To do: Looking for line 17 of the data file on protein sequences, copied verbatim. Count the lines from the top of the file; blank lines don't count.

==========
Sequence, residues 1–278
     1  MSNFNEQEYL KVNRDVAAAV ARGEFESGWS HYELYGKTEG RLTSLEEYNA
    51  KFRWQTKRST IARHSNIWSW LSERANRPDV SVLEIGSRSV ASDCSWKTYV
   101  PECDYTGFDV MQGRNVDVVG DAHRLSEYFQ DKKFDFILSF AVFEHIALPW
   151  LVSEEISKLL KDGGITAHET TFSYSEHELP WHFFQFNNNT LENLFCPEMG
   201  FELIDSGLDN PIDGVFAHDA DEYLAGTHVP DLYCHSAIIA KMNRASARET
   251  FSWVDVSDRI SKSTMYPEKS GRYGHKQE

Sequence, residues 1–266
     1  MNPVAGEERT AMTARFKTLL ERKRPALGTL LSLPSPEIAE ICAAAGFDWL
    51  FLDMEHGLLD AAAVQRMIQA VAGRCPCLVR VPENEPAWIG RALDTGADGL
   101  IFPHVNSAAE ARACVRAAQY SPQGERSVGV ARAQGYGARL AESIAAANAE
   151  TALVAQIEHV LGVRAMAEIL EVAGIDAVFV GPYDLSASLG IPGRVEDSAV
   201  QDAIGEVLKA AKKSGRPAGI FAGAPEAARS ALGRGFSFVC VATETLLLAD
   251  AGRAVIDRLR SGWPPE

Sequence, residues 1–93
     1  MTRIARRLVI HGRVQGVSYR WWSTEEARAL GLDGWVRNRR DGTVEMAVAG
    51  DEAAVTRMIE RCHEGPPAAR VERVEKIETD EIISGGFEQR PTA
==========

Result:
    51  DEAAVTRMIE RCHEGPPAAR VERVEKIETD EIISGGFEQR PTA